Left: South Chicago elotero Ruben "Pepe" Olivares poses with young customers. Right: Olivares' cart at 91st Street and Houston Avenue. Credit: Provided

SOUTH CHICAGO — A beloved elotero was robbed last week and his neighbors have since donated thousands of dollars to help him recover, making clear his family’s years of support for their Southeast Side community have not gone unnoticed.

Ruben “Pepe” Olivares was selling sno-cones, chicharrones, fruit and more from his cart at 91st Street and Houston Avenue around 4:30 p.m. Thursday when someone stole more than $2,000 before shooting at him.

No one was injured, though Olivares’ cart was damaged. No one was in custody as of Friday afternoon, Chicago Police spokesperson Breanna Ogunkoya said.

“It could’ve went so much worse than it did,” Olivares said in Spanish as his daughter, Jacquelin Landa, translated.

The robber took the day’s income as well as Olivares’ money for rent and bills, Olivares said.

“Money comes and goes — it’s not something [I’m] really worried about,” he said. “Right now, [I’m] going to take a little break to make sure everything calms down.”

Art therapist Alex Galván, who works at the SkyART visual arts center on Olivares’ block of 91st Street, organized a GoFundMe for Olivares and his family soon after the shooting.

Neighbors donated enough to replace the stolen $2,000 within five hours, and the fundraiser continued to blow through larger goals through the weekend.

The fundraiser reached more than $7,800 as of Monday morning. To donate, click here.

“[I’m] thankful for the community and all the help they have provided,” Olivares said. “The people that donated and put a dollar, or whatever it was — [I wish] that it [returns] way more money for them.”

Left: Ruben “Pepe” Olivares gives two thumbs up as he works his snack cart at 91st Street and Houston Avenue. Right: Olivares poses with a group of young people at his cart. Credit: Provided

Olivares plans to use some donated money to restock his treats, install cameras on his cart and build a secure stash box “so he can have his money somewhere nobody can see or easily take it,” Landa said.

He also called for more security along 91st Street, considering a senior home, grocery store, SkyART and Arnold Mireles Academy are all near his cart, he said.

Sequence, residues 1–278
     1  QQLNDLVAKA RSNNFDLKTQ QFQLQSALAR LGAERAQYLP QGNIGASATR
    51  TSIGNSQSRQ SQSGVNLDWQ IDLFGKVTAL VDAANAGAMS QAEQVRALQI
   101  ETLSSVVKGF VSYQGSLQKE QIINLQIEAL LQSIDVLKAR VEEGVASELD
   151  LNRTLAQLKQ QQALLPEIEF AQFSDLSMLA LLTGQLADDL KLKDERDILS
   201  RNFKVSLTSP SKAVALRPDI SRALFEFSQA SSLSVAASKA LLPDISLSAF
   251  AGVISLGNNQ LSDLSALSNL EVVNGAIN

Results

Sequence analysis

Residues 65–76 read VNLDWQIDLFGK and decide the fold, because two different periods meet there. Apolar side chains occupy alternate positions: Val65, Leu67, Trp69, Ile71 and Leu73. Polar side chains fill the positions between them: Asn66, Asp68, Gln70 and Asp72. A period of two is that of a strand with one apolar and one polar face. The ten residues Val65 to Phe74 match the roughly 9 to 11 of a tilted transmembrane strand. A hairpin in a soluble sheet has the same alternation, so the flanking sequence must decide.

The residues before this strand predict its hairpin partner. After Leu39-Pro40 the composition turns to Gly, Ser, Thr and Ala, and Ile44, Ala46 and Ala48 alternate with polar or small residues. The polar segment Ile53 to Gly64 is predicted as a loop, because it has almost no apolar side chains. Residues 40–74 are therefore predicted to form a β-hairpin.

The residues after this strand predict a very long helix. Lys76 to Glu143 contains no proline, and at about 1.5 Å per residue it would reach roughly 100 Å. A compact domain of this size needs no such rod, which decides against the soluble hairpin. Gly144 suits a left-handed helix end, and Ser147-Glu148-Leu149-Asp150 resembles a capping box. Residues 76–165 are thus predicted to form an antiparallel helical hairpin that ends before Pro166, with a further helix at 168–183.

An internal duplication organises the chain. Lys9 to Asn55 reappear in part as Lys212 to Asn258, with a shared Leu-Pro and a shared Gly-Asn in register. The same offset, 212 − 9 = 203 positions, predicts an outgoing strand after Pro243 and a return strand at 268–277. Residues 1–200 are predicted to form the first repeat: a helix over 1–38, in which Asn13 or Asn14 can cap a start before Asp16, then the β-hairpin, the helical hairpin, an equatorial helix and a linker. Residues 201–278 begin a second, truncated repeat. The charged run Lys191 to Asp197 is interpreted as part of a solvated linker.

Young Southeast Siders are Olivares’ “main supporters,” and he is touched at how people of all stripes have supported him in Thursday’s aftermath, he said.

Kids are even among the fundraiser’s backers and have donated $5 or $10 where they can, SkyART executive director Devon VanHouten-Maldonado said.

The elotero’s customers “talk to him like he’s their brother, their sibling, their father — they all trust him,” Landa said. “When people come, he’ll be like, ‘That’s my niece, that’s my uncle.’ He claims everyone as his family.”

Olivares and his wife, Patricia Mota, are neighborhood pillars beyond selling treats to Southeast Siders.

They’ve shown their generosity in numerous ways: offering up discounted vendor services to local organizations, sending clothes to Mexico and even organizing a baby shower for a young pregnant neighbor who needed support, neighbors said.

“That’s why the community is rallying around [Olivares] and making sure he gets back way more than he lost,” VanHouten-Maldonado said.

Galván has developed a “really authentic and organic relationship” with the family, she said. Olivares, Mota and their kids attended her graduation party, for which Mota made rice and beans.

“If I’m donating clothes, [Mota] is my person to go to, and she will find someone to give them to,” Galván said. “They’re the epitome of community.”

Left: Ruben “Pepe” Olivares hugs a young child at his cart at 91st Street and Houston Avenue. Right: Customers line up at the elotero’s cart. Credit: Provided

Despite neighbors’ plentiful donations, money can’t resolve all the impacts of last week’s robbery for Olivares and his loved ones, Galván said.

Galván encouraged customers to ask the elotero and other 91st Street neighbors what they need to recover from Thursday’s traumatic events.

“The money is just the surface of it, [given the] emotional trauma and damage that has likely been done,” she said. “One of the best ways to support people through that is to make people feel like they are a part of the community — that they are loved and not alone.”

The armed robbery took place as a group of SkyART photography students was set to step outside with their cameras, VanHouten-Maldonado said. The kids and staff have been traumatized by what they witnessed, he said.

SkyART will offer open therapy hours to the kids and other neighbors, with more details to come, VanHouten-Maldonado said. To support the the center’s slate of free programs, including the therapy sessions, click here.

The robbery has South Chicagoans brainstorming how to ensure public safety in all forms, as “we’re safest when we’re in community,” Galván said. “There’s power in numbers and in relationships.”

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